Louis Brandeis en un voto singular en un caso de la Corte Suprema de Estados Unidos en 1928:

At one time, Brandeis said, the government “could compel the individual to testify—a compulsion effected, if need be, by torture. It could secure possession of his papers and other articles incident to his private life—a seizure effected, if need be, by breaking and entry.” But, in the twentieth century, he went on, “subtler and more far-reaching means of invading privacy have become available to the Government. Discovery and invention have made it possible for the Government, by means far more effective than stretching upon the rack, to obtain disclosure in court of what is whispered in the closet.”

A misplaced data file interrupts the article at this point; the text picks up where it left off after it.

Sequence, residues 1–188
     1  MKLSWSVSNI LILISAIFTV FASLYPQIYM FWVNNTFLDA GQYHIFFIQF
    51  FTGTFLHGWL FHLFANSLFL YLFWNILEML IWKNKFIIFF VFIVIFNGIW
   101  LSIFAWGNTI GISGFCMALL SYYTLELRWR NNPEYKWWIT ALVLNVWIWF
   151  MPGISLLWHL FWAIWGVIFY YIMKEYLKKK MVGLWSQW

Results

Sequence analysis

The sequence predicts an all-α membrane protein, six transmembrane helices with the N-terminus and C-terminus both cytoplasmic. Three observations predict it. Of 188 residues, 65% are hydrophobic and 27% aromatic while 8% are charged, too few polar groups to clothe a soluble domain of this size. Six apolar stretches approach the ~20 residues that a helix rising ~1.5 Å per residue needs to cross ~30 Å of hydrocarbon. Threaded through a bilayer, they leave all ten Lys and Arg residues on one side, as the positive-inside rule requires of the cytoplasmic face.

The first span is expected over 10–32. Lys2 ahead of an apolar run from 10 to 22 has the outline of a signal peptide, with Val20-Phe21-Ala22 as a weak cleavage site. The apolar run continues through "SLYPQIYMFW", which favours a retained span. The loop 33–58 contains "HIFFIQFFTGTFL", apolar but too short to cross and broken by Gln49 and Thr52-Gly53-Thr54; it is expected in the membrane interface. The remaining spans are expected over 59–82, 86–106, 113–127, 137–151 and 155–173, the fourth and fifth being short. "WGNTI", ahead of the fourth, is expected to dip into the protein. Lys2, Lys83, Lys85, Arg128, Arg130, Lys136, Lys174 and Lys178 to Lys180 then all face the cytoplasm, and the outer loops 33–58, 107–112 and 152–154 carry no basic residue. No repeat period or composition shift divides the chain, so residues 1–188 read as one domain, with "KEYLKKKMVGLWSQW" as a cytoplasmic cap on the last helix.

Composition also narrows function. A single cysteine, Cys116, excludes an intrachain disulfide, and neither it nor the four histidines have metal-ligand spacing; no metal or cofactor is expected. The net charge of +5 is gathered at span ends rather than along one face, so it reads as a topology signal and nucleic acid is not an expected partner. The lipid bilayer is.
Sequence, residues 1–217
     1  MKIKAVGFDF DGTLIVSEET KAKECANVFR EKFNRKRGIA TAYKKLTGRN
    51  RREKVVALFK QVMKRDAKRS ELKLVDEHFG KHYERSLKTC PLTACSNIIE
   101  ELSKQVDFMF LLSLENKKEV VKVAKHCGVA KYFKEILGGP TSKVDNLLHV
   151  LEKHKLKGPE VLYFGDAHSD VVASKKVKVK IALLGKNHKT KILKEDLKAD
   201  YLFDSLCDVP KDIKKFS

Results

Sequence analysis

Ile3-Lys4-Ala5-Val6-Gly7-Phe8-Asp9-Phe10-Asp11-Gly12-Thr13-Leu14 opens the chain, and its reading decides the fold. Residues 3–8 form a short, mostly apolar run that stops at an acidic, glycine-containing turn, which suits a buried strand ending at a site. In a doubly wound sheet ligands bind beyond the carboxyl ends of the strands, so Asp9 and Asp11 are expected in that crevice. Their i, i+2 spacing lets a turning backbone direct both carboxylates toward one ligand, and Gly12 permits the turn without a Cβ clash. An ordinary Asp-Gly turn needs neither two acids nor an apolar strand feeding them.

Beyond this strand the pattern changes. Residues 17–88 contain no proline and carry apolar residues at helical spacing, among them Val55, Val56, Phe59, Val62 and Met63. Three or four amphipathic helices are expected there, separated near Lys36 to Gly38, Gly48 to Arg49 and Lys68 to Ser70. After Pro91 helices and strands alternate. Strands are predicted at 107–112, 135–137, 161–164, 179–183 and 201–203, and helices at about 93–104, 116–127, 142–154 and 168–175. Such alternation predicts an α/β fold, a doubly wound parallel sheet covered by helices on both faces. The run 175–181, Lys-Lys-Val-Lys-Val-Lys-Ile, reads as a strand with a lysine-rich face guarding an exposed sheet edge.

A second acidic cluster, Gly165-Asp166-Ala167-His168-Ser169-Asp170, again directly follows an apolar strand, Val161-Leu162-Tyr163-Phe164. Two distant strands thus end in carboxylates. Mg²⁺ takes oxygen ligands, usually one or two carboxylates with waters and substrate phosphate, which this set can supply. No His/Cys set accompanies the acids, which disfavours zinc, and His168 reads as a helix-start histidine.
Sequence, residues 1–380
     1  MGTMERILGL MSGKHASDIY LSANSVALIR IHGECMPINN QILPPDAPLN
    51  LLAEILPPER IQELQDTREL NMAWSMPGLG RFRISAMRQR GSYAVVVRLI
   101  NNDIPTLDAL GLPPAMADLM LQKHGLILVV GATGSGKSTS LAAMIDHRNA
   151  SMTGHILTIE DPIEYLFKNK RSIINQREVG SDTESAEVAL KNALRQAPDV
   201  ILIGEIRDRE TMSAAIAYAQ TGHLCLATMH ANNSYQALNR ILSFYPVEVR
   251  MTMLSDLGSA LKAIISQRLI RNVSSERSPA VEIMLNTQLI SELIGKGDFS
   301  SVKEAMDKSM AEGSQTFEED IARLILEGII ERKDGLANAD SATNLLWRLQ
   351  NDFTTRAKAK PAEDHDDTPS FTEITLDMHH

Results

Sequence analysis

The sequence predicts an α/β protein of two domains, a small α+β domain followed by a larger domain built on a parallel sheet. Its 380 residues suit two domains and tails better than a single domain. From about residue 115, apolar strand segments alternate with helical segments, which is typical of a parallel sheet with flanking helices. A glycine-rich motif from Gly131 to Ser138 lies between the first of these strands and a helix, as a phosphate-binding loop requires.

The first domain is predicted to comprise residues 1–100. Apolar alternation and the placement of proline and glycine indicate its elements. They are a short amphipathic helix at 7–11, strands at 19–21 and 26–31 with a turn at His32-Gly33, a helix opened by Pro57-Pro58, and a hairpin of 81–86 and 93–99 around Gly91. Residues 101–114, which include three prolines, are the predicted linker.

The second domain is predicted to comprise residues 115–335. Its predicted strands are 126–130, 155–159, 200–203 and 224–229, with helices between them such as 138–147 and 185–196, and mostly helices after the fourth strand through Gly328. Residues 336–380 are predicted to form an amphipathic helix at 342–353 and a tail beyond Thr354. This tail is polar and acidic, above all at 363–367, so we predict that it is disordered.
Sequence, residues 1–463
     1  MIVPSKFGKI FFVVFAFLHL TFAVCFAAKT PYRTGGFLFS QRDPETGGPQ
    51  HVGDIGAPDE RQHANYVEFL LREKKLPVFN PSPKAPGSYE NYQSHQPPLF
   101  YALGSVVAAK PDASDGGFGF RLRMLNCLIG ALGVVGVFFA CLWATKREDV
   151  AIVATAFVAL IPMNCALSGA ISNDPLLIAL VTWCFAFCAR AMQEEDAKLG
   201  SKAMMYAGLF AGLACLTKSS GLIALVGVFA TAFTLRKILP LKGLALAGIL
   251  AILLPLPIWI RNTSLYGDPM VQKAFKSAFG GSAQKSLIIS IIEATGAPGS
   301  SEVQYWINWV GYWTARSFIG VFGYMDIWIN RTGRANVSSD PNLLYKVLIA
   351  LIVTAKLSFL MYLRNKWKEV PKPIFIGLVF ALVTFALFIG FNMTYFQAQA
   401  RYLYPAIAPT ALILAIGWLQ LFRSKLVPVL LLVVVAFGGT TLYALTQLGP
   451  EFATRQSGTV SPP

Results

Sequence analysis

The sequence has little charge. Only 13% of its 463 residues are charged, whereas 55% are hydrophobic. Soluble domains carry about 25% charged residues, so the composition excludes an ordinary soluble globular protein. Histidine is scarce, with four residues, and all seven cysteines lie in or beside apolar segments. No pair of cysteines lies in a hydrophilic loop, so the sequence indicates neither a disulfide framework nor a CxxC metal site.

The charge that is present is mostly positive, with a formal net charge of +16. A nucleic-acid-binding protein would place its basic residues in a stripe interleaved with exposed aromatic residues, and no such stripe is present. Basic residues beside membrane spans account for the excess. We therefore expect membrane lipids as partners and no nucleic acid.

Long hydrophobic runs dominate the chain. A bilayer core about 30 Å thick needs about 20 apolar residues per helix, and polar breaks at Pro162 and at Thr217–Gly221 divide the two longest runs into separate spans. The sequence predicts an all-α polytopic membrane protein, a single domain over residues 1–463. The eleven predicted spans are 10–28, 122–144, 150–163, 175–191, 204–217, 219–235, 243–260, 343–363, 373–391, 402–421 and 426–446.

Más sobre la historia de la vigilancia en el muy documentado artículo de Jill Lepore en el New Yorker.

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